"Movement of wood or cellulose material is prohibited unless either (1) it is fumigated or treated for Formosan subterranean termites and is approved for movement by the commissioner or his designee(s) or (2) written authorization is given by the commissioner or his designee(s) for the movement of untreated wood or cellulose material from the quarantined parishes.Thus the claim in the email that Louisiana "is trying to get rid of tons and tons of this mulch to any state or company who will come and haul it away" is clearly nonsense. The State is quite unlikely to blatantly violate its own quarantine by distributing untreated mulch material. .
Mulch Rumors UntrueFormosan termites represent a significant threat that is taken very seriously by relevant authorities in the United States. The Formosan termite is a voracious pest and every effort is being made to curb its spread, including the aforementioned LDAF quarantine and other guidelines relating to hurricane debris. Thus, while it might be possible that minor violations of the quarantine have occurred, it seems extremely unlikely that termite-infested material from the affected areas is being distributed in large quantities and sold in reputable outlets across the United States.
March 3, 2006
Don’t believe everything you read on the Internet.
That is the message Commissioner of Agriculture and Forestry Bob Odom is stressing to the public as an email rumor about Formosan termite-infested mulch is circling the globe.
The email warns consumers not to purchase “cheap” wood mulch at major home improvement chains because it may be infested with Formosan termites.
"The email is not accurate and doesn’t even mention the quarantines this department put in place last fall to keep Formosan termites from spreading," Odom said. The Louisiana Department of Agriculture and Forestry issued quarantines following the hurricanes for woody debris in Cameron, Calcasieu, Jefferson, Jefferson Davis, Orleans, Plaquemines, St. Bernard, St. Charles, St. John, St. Tammany, Tangipahoa and Washington parishes. Woody debris cannot be moved out of these areas without first submitting a plan for treatment to the department.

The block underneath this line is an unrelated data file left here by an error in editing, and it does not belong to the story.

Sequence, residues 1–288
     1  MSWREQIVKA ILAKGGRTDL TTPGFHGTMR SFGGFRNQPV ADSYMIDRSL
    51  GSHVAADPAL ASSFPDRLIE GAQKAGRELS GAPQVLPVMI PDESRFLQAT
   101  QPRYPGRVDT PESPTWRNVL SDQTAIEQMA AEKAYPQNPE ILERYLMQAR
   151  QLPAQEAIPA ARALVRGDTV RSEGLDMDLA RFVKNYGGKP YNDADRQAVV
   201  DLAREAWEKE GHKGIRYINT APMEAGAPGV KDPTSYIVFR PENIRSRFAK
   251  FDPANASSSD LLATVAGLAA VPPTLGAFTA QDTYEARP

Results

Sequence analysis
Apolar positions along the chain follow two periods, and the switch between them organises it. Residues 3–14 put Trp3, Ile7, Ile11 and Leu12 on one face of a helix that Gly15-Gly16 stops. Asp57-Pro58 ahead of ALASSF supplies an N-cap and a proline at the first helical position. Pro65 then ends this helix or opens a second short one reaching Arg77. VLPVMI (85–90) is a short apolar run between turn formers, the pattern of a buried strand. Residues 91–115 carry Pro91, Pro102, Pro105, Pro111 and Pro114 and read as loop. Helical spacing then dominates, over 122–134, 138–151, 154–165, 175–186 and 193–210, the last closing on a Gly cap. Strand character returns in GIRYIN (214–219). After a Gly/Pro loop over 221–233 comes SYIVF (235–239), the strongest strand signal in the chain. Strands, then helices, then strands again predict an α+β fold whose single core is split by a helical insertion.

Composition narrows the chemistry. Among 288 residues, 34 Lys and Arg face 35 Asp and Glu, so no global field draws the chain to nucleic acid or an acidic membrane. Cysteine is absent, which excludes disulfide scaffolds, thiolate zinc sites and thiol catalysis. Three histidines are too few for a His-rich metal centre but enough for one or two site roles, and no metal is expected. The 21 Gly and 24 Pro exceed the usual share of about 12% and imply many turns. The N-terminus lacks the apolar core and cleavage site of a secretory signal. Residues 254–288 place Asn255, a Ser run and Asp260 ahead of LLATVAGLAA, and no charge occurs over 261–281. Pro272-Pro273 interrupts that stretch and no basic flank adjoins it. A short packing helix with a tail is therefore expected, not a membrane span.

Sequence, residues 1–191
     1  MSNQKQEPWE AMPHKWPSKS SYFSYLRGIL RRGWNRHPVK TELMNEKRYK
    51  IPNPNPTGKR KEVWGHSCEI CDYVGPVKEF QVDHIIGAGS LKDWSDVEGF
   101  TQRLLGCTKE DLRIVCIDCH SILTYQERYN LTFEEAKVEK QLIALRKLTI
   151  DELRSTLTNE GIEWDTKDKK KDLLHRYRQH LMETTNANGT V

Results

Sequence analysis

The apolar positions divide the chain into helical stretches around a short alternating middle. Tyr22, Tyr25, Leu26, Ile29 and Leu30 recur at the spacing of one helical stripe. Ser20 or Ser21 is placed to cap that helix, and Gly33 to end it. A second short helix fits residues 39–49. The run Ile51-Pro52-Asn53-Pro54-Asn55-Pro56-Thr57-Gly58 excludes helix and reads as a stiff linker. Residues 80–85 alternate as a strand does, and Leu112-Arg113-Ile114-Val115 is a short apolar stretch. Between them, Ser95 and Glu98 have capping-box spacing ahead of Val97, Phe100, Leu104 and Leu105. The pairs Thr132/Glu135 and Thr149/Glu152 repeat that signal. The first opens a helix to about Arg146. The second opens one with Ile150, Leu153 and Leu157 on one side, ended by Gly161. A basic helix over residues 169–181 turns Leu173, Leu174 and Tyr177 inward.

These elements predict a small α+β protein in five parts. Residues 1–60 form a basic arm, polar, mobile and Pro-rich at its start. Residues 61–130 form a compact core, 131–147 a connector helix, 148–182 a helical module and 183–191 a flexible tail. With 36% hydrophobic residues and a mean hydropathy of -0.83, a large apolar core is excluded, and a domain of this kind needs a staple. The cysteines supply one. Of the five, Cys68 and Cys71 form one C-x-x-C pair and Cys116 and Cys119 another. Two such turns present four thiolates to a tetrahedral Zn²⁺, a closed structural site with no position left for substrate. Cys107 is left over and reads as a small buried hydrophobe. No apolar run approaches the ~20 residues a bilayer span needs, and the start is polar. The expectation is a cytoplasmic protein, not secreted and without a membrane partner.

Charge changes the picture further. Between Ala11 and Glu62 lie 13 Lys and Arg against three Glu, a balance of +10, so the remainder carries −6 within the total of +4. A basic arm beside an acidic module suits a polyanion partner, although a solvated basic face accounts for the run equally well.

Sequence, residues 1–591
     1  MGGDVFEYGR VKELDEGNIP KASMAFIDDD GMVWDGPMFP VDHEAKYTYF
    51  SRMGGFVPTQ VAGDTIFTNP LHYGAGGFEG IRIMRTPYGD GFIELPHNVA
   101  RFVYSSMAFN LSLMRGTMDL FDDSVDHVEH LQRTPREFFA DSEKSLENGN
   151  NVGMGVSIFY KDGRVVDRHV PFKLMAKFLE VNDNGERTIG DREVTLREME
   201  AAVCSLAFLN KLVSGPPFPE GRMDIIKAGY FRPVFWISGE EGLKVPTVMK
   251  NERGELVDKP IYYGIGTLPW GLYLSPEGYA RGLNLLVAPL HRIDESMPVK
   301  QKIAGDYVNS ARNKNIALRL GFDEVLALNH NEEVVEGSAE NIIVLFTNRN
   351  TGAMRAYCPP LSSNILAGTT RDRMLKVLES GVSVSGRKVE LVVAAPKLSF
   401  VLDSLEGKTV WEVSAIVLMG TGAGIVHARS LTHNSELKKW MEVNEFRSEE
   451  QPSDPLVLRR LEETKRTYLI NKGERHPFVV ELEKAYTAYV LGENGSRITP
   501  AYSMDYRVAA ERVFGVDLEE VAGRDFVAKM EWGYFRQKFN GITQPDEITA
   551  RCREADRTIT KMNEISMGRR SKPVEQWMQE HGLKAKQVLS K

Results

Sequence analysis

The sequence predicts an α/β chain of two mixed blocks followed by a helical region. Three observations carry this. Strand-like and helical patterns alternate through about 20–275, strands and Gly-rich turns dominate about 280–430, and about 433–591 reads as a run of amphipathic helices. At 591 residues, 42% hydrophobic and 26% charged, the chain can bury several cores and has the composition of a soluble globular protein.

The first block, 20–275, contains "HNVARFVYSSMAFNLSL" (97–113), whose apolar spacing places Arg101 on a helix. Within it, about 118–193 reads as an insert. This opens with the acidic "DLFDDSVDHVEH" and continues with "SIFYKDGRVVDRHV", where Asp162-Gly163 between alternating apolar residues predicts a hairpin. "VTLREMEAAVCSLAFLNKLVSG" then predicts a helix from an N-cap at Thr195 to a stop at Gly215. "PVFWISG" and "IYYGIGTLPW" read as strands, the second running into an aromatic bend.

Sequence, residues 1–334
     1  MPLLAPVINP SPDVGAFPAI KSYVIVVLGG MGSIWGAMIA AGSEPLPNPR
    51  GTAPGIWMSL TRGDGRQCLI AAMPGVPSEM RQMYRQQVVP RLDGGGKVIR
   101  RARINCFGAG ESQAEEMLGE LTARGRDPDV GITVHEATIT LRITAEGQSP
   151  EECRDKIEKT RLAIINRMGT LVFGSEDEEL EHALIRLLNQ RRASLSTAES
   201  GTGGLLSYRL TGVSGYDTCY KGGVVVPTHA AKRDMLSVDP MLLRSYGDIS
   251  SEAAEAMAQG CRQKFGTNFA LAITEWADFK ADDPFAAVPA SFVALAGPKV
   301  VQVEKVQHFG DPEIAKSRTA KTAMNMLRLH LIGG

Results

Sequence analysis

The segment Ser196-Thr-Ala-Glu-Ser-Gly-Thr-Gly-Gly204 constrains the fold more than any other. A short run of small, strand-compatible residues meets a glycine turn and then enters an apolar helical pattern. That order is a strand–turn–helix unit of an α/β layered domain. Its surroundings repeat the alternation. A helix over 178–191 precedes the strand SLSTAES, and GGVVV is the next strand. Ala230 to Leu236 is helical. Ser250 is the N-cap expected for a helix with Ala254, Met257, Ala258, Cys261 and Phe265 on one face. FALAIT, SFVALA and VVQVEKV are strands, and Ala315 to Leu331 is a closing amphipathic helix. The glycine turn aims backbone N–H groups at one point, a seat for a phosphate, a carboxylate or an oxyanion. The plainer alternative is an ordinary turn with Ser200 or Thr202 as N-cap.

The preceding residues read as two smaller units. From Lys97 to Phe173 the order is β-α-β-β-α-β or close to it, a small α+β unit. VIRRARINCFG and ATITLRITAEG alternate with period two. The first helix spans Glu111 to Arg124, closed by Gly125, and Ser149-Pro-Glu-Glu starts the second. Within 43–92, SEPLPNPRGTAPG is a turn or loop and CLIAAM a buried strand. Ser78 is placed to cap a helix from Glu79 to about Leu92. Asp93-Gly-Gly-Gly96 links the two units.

"I’ve had my people out looking into these claims to make sure there are no violations of the quarantine. I’ve also had our invasive pest expert contact the stores mentioned in the email and we’ve yet to find any validity to the claims in the email," Odom said.
"In my opinion, someone is using the Internet to cause hysteria about a problem that doesn’t really exist. If there are people out there who know about someone violating the quarantines, then they need to report it to us. We’ll shut the culprits down real quick but it has to be reported," Odom said. "I think the quarantines are doing the job, though. We’ve worked with the debris contractors, the Corps of Engineers and FEMA to handle the debris and quarantines."
An official with the LSU AgCenter’s Cooperative Extension Service said their offices have been receiving calls non-stop about information contained in the emails.
"Our termite specialists are getting inundated with calls and e-mails," said Dr. Paul Coreil, LSU AgCenter vice chancellor and director of the Louisiana Cooperative Extension Service. "We have posted new information on our Web site. We hope people will continue to use this as a resource for accurate information."
To report a quarantine violation, call (225) 925-3763. The Department of Agriculture and Forestry’s Web site, www.ldaf.state.la.us, and the LSU AgCenter’s Web site, www.lsuagcenter.com, contain information about the quarantines, Formosan termites and debris disposal.
Write-up by Brett M.Christensen